When Kelli Schowalter first visited the Missouri Botanical Garden after moving to St. Louis from Virginia for college, she was not aware of the institution’s vast science and research work.
“It’s fascinating,” Schowalter says of the Garden’s internationally renowned research program. A Washington University senior, Schowalter first learned about the science side of the Garden through a mentorship, and this summer she is getting to see it firsthand as part of the Research Experiences for Undergraduates.
The REU program is organized by the National Science Foundation and hosted at sites throughout the country, including the Garden. This summer’s session launched at the Garden on June 4 and within the first week students got to try their hand at research. They spent a day in the Climatron, scouring the lush tropical vegetation for plants whose names matched those on a list. Once they found a specimen that hadn’t been collected by other students, they carefully cut off a sample under the guidance of Monica Carlsen, assistant scientist and education coordinator at the Garden.
Carlsen, who oversees the program, then showed students how to preserve plant samples through pressing or using liquid nitrogen to deep freeze the leaves. The frozen leaves were sent to the Smithsonian for its Global Genome Initiative. Dried specimens were kept for the Garden’s Herbarium, which is one of the largest in the world. The students also learned how to file dried plant specimens in the Herbarium, watching closely as Sally Bommarito, plant mounter team lead, explained the best techniques to use. “Make sure you can see a little bit of everything,” Bommarito explained to students, stressing they should include stem, leaf, and flower in each sample before adhering it to the paper. After the demonstration, students got to work, carefully unwrapping specimens from newspaper and gluing samples to numbered cardboard papers to be filed in the Herbarium.
“Most of them have never taken a plant class before,” Carlsen says of the students in the program. “It’s an introduction to what a botanist does.” The idea of the REU program is to get undergraduate students interested in pursuing science careers, going beyond the traditional engineering and medical fields that attract many students. Even if students don’t necessarily have an interest in becoming botanists, the experience exposes them to a different area of science, and the program can be adapted to fit different interests, like ethnobotany, or the study of how people use plants, and wildlife, like birds. “The Garden has so many departments, we can accommodate almost anything anyone wants to do,” Carlsen adds.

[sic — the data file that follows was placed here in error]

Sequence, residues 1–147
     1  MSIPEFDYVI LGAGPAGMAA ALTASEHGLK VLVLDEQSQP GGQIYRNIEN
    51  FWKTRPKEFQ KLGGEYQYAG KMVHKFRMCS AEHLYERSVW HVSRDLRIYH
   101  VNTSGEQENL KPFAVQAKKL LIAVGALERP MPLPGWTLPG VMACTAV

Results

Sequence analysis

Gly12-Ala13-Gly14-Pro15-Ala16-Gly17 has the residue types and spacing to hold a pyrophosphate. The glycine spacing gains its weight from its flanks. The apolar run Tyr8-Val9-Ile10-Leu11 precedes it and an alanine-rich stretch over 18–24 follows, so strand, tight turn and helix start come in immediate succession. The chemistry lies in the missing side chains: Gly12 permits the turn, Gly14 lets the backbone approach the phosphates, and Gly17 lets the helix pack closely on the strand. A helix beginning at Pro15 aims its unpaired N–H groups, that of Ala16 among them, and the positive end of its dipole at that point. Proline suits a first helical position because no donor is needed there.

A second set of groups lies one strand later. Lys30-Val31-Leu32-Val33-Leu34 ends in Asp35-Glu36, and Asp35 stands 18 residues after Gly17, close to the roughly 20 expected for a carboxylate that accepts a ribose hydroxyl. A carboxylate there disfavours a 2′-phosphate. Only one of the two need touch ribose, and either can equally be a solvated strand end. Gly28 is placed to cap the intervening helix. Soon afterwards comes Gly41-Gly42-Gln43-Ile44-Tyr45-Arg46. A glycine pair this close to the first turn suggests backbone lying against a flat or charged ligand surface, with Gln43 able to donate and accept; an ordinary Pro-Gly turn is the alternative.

Eleven students are participating in the program this year, carefully chosen from 130 applicants. The selected students have the best grades and were also picked based on a personal essay they submitted, previous experience and recommendations from a professor. The program administrators also value diversity and aim to include students from schools with limited infrastructure.
Only Showalter and one other student, from Harris Stowe State University, come from St. Louis colleges. The rest hail from across the U.S. David Bellangue, a rising junior at Warren Wilson College in North Carolina, found the program on NFS’ website. He was specifically looking for an internship opportunity that focused on plant science. “I thought I could get a lot of experience meeting people in the field.”
Bellangue was particularly interested in the Missouri Botanical Garden because of its Plant Finder, a resource that allows users to look up more than 7,500 plants to learn more about them. He’s enjoyed collecting specimens and learning more about what botanists do. He eventually hopes to get his master’s degree or PhD in botany or forestry, and would like to work in environmental research at a botanical garden.
If the opportunity arose, he’d love that position to be at the Garden. “I’m very interested in the Missouri Botanical Garden.”
For more information on the REU program, contact Monica Carlsen.
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